On September 4, the spacecraft was launched from the Jiuquan Satellite Launch Centre in northern China and returned back to Earth after two days in orbit. But experts have raised concerns over the secretive space mission and what it did while in space.
Not much is known about the spacecraft and no visuals have yet been released, a move differing from other Chinese high-profile space missions.
In a brief report, published by the Chinese state-run Xinhua News Agency, provided a glimpse into the mysterious space mission.
They wrote: “The successful flight marked the country’s important breakthrough in reusable spacecraft research and is expected to offer convenient and low-cost round-trip transport for the peaceful use of space.”
However, Chinese authorities have not revealed much about the short excursion or what technologies were being tested.
The exact launch and landing times were not revealed nor has the landing site been reported, although it is believed to be the Taklamakan Desert in northwest China.
A military spokesperson told the South China Morning Post: “There are many firsts in this launch.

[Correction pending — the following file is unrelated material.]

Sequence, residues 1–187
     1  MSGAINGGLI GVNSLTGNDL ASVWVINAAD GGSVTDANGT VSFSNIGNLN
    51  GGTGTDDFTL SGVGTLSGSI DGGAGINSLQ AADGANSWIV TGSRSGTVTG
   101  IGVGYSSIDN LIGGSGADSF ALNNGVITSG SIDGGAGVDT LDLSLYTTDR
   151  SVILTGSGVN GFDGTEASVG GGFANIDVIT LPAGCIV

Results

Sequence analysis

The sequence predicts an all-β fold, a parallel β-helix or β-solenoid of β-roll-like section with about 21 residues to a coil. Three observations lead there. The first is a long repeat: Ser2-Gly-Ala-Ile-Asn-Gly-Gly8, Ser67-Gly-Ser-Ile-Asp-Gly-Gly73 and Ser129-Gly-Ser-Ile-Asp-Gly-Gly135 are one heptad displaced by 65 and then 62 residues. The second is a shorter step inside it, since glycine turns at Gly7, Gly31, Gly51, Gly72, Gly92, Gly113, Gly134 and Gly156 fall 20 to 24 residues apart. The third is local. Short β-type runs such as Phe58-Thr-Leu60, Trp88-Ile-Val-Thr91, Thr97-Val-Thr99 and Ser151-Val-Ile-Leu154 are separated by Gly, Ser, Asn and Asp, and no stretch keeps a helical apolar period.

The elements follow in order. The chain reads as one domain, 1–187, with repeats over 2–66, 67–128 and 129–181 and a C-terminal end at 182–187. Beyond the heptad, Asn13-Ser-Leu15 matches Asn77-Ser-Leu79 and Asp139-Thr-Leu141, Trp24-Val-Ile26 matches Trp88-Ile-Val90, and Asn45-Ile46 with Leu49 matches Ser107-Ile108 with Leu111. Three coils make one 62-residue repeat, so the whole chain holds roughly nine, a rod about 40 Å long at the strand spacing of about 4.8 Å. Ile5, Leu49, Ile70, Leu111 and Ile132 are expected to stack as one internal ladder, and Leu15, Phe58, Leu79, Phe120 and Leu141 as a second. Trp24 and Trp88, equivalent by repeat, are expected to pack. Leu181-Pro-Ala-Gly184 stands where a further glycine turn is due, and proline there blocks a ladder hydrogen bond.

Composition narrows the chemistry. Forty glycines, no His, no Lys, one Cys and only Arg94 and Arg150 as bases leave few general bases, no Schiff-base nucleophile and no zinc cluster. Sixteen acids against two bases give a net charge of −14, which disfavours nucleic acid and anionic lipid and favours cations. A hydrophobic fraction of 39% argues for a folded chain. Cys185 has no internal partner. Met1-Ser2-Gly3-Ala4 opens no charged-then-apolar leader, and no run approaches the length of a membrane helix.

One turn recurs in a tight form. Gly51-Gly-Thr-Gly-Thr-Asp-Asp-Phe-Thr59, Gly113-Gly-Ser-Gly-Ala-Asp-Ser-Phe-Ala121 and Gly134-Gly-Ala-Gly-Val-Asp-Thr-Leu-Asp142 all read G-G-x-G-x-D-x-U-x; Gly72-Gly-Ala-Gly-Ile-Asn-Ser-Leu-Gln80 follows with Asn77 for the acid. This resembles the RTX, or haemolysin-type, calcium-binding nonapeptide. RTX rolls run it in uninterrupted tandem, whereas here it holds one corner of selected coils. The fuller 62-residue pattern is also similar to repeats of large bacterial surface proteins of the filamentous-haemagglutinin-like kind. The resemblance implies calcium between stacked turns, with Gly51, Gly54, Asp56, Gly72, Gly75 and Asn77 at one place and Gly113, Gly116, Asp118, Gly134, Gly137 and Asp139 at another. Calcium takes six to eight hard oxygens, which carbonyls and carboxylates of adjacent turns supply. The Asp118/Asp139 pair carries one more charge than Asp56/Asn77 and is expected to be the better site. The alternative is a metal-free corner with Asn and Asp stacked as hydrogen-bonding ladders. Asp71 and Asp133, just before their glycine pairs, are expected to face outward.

“The spacecraft is new, the launch method is also different.
“That’s why we need to make sure there is extra security.”
Jonathan McDowell, an astronomer at Harvard Smithsonian Centre for Astrophysics, believes the mission was likely to test out the vehicle’s systems such as power, temperature, stability and to prove it could re-enter and land correctly.
He warned the secrecy behind the launch is because it is a military project.
Mr McDowell said: “The secrecy, I am sure, is just because it is a military project.
“China was way behind in space but has been gearing up its space programme on all fronts and is now catching up fast.
“The spacecraft launch is just another reflection of that.”
The spacecraft could be used to launch and repair satellites, survey the Earth and take astronauts and goods to and from orbit.
Although details of the spacecraft’s size and shape still remain unclear, it is believed to be an unmanned spaceplane similar to the US Air Force’s X-37B Orbital Test Vehicle.
If China has successfully launched a rocket into orbit, the Communist nation would become the third country to have done so following the US and the former Soviet Union.
Bleddyn Bowen, a space policy academic at the University of Leicester, said: “It is reasonable to assume that what’s being tested has some military applications, probably new satellite equipment and spying technologies.
“We’ll have to wait and see how many future flights like this China may conduct to see whether it will match the scale of X-37B.”